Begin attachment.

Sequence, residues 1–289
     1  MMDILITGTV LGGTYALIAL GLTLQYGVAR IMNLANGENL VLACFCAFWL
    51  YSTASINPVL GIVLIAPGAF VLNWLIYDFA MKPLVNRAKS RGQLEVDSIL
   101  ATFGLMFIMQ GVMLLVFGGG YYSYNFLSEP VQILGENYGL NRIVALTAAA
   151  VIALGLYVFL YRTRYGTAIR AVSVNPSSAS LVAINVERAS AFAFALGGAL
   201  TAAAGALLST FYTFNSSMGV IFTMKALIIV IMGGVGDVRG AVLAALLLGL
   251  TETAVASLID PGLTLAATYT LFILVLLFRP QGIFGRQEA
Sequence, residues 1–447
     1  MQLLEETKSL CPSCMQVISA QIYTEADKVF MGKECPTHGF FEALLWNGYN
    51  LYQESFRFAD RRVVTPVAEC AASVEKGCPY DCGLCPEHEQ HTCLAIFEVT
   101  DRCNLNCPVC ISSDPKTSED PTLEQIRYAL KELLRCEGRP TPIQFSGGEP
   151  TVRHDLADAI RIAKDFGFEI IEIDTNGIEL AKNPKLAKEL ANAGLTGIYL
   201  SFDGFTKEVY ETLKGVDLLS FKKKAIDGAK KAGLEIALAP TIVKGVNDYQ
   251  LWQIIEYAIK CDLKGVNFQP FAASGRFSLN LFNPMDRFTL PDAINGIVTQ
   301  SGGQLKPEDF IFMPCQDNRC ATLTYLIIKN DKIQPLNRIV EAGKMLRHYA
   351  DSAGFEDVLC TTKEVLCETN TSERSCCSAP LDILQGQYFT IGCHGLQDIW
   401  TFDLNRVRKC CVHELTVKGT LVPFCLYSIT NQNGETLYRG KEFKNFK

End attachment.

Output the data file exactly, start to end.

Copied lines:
Sequence, residues 1–289
     1  MMDILITGTV LGGTYALIAL GLTLQYGVAR IMNLANGENL VLACFCAFWL
    51  YSTASINPVL GIVLIAPGAF VLNWLIYDFA MKPLVNRAKS RGQLEVDSIL
   101  ATFGLMFIMQ GVMLLVFGGG YYSYNFLSEP VQILGENYGL NRIVALTAAA
   151  VIALGLYVFL YRTRYGTAIR AVSVNPSSAS LVAINVERAS AFAFALGGAL
   201  TAAAGALLST FYTFNSSMGV IFTMKALIIV IMGGVGDVRG AVLAALLLGL
   251  TETAVASLID PGLTLAATYT LFILVLLFRP QGIFGRQEA
Sequence, residues 1–447
     1  MQLLEETKSL CPSCMQVISA QIYTEADKVF MGKECPTHGF FEALLWNGYN
    51  LYQESFRFAD RRVVTPVAEC AASVEKGCPY DCGLCPEHEQ HTCLAIFEVT
   101  DRCNLNCPVC ISSDPKTSED PTLEQIRYAL KELLRCEGRP TPIQFSGGEP
   151  TVRHDLADAI RIAKDFGFEI IEIDTNGIEL AKNPKLAKEL ANAGLTGIYL
   201  SFDGFTKEVY ETLKGVDLLS FKKKAIDGAK KAGLEIALAP TIVKGVNDYQ
   251  LWQIIEYAIK CDLKGVNFQP FAASGRFSLN LFNPMDRFTL PDAINGIVTQ
   301  SGGQLKPEDF IFMPCQDNRC ATLTYLIIKN DKIQPLNRIV EAGKMLRHYA
   351  DSAGFEDVLC TTKEVLCETN TSERSCCSAP LDILQGQYFT IGCHGLQDIW
   401  TFDLNRVRKC CVHELTVKGT LVPFCLYSIT NQNGETLYRG KEFKNFK